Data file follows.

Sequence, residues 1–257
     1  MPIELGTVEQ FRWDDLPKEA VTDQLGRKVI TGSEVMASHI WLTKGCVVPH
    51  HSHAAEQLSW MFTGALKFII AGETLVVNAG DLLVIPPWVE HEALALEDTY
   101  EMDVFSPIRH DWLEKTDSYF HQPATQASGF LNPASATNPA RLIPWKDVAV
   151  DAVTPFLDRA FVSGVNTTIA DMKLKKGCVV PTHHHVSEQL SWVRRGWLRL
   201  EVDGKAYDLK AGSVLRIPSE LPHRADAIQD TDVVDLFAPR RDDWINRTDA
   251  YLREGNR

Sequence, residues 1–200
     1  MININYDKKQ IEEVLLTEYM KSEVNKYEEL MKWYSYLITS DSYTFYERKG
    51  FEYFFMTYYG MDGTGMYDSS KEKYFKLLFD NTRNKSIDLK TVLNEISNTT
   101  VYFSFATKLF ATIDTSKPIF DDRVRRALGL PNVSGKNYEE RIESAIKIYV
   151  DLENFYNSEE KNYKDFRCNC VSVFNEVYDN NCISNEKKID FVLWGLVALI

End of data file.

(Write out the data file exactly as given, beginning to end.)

Sequence, residues 1–257
     1  MPIELGTVEQ FRWDDLPKEA VTDQLGRKVI TGSEVMASHI WLTKGCVVPH
    51  HSHAAEQLSW MFTGALKFII AGETLVVNAG DLLVIPPWVE HEALALEDTY
   101  EMDVFSPIRH DWLEKTDSYF HQPATQASGF LNPASATNPA RLIPWKDVAV
   151  DAVTPFLDRA FVSGVNTTIA DMKLKKGCVV PTHHHVSEQL SWVRRGWLRL
   201  EVDGKAYDLK AGSVLRIPSE LPHRADAIQD TDVVDLFAPR RDDWINRTDA
   251  YLREGNR

Sequence, residues 1–200
     1  MININYDKKQ IEEVLLTEYM KSEVNKYEEL MKWYSYLITS DSYTFYERKG
    51  FEYFFMTYYG MDGTGMYDSS KEKYFKLLFD NTRNKSIDLK TVLNEISNTT
   101  VYFSFATKLF ATIDTSKPIF DDRVRRALGL PNVSGKNYEE RIESAIKIYV
   151  DLENFYNSEE KNYKDFRCNC VSVFNEVYDN NCISNEKKID FVLWGLVALI